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Doc. 74. action at Lynn Haven Bay.

Commander Lockwood's report.

U. S. Propeller Daylight, Blockading off Cape Henry, Oct. 10, 1861.
yesterday afternoon, a few minutes before four o'clock, it was reported to me that a battery on shore in Lynn Haven Bay had opened fire on the American ship John Clarke, of Baltimore, which had come in and anchored during the gale, and dragged within range of the enemy's guns, distant about a mile and a half. I got under way and stood down to her assistance, and on getting within range opened fire, and a spirited engagement was kept up on both sides for about forty minutes, when the enemy ceased firing, their battery of four or five guns being silenced so that, although we remained within range for an hour and a half after the firing had ceased, assisting the ship to get under way, not a shot was fired by them. Our shots generally were well directed, and must have done execution. Fortunately, none of their shots hit us, but they came quite near enough. The officers and men were eager for the fray, and evinced a spirited determination to do their whole duty, and I was well pleased, not only with their conduct, but also with the precision of their aim.

Samuel Lockwood, Commanding Officer. L. M. Goldsborough, Commanding the Atlantic Blockading Squadron at Hampton Roads, Va.

A correspondent on board the Daylight gives the following account of this action:

Yesterday, at four o'clock P. M., at the close of a heavy gale which had lasted for sixty hours, it was reported by the officer of the deck that a battery, whose existence had been previously unknown to us, situated on Lynn Haven Bay, had opened fire upon the American ship John Clarke, of Baltimore, which had arrived from Havre the day previous, and, anchoring in the bay during the gale, with two anchors down, had dragged within its range. We could see the enemy's shell dropping about the ship in all directions, and he was evidently not enjoying his mauvais quart d'heure. So, all hands working with a will, we soon had our anchor on the bows, and the Daylight putting her best foot foremost, eager for the fray. In a short time we ran down to the ship and opened a brisk fire upon the battery, which was as vigorously returned and sustained for forty [176] minutes, when, having effectually silenced their guns and thrown several broadsides into them, which elicited, however, no response, they having “shut up shop,” we turned our attention toward extricating the ship from her perilous position, which we finally did by sending a part of our crew on board and getting her off under her canvas, having failed in several attempts to get a line aboard of her to tow her off, owing to the heavy sea and strong tide prevailing. This occupied one and a half hours after we had fired the last shot, giving our adversary every opportunity to renew the combat; but he, like the “poor craven bridegroom, spake never a word.” Finally, we got under way, and anchored near the outer lightship, and, while ruminating over the events of the day, were run foul of by the John Clarke as she stood for her anchorage, smashing a portion of our upper works, starting several knees forward, carrying away one of the flukes of our anchor, and doing other damage — throwing herself into our arms, as it were, with an unwieldy gratitude for which we were entirely unprepared. The Clarke was struck once or twice, I believe, by fragments of shells, but sustained no material damage, and this morning, in charge of a pilot, stood on up the bay toward Baltimore.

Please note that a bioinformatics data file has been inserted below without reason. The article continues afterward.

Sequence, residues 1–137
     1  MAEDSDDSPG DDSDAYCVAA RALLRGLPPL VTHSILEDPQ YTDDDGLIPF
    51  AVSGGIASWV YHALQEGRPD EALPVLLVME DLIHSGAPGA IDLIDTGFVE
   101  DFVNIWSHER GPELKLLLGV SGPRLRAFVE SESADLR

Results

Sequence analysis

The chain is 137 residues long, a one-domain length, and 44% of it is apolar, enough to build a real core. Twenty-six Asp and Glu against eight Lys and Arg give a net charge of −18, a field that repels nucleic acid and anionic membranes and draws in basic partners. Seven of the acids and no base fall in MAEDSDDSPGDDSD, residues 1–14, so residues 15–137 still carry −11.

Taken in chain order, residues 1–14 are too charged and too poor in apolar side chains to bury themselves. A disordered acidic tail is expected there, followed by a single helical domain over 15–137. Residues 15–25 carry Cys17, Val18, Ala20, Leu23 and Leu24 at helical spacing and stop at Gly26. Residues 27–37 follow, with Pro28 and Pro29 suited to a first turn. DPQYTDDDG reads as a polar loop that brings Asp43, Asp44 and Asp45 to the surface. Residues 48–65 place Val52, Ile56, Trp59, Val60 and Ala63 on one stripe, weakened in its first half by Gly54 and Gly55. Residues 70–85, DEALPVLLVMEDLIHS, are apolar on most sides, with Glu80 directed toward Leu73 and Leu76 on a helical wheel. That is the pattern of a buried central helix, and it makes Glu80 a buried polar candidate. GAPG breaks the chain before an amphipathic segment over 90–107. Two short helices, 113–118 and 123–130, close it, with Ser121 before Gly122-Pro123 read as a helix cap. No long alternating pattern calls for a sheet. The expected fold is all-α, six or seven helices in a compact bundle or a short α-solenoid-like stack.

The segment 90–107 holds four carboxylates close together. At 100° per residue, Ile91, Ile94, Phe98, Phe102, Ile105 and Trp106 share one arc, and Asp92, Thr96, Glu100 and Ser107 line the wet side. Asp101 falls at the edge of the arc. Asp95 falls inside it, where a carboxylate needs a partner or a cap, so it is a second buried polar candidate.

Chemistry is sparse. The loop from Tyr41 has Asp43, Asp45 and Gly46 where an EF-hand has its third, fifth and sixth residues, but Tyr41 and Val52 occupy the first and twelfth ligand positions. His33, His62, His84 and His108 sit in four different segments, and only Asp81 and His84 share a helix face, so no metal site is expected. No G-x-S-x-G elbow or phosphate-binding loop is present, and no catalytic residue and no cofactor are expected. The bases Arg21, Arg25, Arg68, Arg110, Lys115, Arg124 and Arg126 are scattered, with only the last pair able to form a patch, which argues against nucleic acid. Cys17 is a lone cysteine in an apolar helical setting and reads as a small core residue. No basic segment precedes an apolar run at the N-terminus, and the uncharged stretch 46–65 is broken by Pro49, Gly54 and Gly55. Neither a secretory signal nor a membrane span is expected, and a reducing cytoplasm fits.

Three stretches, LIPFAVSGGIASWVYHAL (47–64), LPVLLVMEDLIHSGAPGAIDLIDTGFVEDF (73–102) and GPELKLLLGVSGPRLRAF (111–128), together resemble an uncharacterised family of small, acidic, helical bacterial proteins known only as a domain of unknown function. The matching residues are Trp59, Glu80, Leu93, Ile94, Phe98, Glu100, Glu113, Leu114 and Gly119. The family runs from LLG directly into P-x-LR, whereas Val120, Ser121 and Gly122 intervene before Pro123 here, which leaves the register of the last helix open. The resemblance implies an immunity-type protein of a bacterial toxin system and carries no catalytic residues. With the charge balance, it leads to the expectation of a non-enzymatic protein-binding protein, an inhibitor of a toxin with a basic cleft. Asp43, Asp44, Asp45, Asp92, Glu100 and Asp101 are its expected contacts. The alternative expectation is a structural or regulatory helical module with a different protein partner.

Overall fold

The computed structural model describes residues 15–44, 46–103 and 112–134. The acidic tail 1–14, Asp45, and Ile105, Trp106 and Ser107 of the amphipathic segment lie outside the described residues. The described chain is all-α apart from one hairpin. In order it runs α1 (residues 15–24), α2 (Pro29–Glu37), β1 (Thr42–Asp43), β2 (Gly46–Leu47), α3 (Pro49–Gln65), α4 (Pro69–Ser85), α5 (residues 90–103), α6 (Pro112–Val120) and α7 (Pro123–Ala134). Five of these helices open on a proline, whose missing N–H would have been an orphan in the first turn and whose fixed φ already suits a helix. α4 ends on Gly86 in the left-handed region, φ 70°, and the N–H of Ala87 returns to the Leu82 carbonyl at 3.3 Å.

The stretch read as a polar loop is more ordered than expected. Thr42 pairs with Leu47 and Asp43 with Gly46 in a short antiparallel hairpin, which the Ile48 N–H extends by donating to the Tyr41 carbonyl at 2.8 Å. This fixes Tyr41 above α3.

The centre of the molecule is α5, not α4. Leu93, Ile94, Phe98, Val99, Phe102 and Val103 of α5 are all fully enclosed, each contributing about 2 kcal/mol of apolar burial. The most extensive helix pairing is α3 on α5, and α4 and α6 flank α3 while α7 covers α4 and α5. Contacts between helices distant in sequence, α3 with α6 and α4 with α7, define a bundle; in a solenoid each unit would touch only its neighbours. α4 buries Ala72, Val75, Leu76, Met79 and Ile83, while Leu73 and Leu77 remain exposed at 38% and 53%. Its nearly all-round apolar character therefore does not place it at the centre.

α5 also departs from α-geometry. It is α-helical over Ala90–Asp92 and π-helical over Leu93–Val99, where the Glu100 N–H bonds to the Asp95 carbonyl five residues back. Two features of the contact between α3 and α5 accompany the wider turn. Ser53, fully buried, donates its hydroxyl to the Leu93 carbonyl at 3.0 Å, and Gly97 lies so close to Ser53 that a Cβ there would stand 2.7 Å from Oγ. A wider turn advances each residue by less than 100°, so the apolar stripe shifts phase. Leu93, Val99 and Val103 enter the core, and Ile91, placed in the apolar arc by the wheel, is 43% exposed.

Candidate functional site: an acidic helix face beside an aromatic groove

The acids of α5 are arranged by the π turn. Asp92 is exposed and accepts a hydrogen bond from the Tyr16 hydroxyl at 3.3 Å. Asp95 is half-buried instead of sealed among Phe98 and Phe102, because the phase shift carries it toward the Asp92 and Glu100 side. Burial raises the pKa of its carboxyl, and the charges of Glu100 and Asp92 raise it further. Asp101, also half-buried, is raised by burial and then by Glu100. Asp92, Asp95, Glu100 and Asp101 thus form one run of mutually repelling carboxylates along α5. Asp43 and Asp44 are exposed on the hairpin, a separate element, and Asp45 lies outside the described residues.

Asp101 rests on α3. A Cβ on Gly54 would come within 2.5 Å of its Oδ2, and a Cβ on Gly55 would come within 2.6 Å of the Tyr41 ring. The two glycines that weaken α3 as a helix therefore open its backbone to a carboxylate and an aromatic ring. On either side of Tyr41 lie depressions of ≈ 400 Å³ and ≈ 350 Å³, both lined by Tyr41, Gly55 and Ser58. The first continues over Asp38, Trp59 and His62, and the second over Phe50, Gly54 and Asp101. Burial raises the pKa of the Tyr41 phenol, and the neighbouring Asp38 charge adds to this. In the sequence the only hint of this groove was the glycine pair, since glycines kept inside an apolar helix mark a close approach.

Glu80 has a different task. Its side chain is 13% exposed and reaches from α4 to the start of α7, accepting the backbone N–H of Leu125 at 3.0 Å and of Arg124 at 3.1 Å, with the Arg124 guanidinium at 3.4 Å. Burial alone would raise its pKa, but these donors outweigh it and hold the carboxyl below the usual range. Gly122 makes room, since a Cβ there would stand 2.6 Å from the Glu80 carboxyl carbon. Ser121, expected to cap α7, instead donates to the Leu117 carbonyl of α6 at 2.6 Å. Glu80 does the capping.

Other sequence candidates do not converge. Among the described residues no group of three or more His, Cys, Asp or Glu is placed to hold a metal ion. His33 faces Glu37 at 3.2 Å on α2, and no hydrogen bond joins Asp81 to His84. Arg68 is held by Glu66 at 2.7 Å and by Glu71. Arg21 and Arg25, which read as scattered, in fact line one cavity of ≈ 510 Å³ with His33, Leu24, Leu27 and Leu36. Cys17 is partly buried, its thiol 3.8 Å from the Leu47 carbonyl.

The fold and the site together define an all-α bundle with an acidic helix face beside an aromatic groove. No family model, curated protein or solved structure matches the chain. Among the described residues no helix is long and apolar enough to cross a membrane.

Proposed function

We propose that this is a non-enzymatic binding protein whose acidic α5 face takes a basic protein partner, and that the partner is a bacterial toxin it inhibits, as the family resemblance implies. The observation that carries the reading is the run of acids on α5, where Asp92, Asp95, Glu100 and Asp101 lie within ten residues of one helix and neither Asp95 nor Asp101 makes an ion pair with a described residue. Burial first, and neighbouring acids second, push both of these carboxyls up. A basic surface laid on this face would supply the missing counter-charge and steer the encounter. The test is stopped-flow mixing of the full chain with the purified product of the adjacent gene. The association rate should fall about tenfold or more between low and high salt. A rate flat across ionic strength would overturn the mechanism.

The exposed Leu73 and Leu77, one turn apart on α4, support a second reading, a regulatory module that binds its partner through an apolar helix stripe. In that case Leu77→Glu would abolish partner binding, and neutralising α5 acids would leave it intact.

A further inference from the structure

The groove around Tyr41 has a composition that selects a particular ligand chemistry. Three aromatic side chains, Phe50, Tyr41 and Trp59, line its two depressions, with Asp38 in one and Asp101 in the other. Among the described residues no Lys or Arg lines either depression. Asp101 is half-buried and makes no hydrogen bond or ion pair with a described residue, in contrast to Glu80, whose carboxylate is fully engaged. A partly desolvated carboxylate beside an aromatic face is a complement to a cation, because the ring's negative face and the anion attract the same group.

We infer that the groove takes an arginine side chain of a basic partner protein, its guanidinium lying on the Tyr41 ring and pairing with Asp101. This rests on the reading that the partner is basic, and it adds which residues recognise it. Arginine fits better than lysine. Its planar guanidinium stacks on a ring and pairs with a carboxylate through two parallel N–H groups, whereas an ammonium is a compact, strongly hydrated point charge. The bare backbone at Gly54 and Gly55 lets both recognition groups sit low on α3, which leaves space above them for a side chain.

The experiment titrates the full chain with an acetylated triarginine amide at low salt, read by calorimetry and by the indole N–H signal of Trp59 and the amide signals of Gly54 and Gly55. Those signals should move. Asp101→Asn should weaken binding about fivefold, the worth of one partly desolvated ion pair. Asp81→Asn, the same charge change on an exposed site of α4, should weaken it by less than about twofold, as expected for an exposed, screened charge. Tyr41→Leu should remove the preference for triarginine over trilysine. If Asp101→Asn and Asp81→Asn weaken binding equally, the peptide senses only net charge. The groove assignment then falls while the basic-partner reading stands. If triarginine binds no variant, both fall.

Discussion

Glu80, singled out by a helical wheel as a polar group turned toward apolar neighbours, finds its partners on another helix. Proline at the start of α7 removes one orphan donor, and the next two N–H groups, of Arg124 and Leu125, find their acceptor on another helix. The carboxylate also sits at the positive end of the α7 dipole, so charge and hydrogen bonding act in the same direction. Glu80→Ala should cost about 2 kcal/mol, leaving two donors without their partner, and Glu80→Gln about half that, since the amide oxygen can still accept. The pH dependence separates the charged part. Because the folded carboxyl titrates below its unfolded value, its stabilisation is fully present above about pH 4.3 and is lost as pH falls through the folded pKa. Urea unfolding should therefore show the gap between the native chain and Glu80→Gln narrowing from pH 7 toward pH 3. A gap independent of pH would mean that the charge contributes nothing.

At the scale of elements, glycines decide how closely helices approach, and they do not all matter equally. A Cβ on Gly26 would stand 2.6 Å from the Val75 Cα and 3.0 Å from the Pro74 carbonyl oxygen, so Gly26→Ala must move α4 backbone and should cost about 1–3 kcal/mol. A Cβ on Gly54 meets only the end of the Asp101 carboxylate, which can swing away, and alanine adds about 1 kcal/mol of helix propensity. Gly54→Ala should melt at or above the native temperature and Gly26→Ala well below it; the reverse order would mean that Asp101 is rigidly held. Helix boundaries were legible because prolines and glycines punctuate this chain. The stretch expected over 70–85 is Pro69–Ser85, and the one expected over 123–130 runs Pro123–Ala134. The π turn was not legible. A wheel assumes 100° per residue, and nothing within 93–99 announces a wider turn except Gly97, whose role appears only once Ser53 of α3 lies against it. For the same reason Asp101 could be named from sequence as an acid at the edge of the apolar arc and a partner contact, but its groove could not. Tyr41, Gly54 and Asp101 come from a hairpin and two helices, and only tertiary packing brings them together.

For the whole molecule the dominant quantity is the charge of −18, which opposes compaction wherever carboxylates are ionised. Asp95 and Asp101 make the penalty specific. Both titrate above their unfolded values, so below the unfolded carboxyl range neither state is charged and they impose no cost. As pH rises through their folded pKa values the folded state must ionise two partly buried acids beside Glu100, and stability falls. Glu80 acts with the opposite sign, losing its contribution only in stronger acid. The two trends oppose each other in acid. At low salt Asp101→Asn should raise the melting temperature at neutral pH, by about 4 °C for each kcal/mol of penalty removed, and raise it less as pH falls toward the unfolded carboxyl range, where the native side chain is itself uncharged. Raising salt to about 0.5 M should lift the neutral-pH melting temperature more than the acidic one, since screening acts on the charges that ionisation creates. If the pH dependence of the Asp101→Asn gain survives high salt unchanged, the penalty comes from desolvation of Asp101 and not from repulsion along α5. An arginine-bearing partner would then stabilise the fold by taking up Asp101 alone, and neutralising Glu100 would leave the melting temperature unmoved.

While nearing the Clarke, at the outset of the engagement, we were considerably astonished, after succeeding in getting our reiterated hail answered, by receiving censure in no measured terms for “not having warned them,” as they said, on the previous day; and had our sense of duty not been superior to our feelings, we should have been sorely tempted to have let them work out their own salvation with “fear and trembling.”

In closing, I cannot refrain from again alluding to the spirit with which our crew entered into the contest above alluded to, and feel assured that they will always give a similar good account of themselves when called on, for which, as Dick Swiveller observes, “town and country orders are respectfully solicited; business attended to with neatness and despatch.”

We met with no casualties in the engagement; but one of our seamen, while aloft on the John Clarke, fell from the foreyard and fractured his arm.

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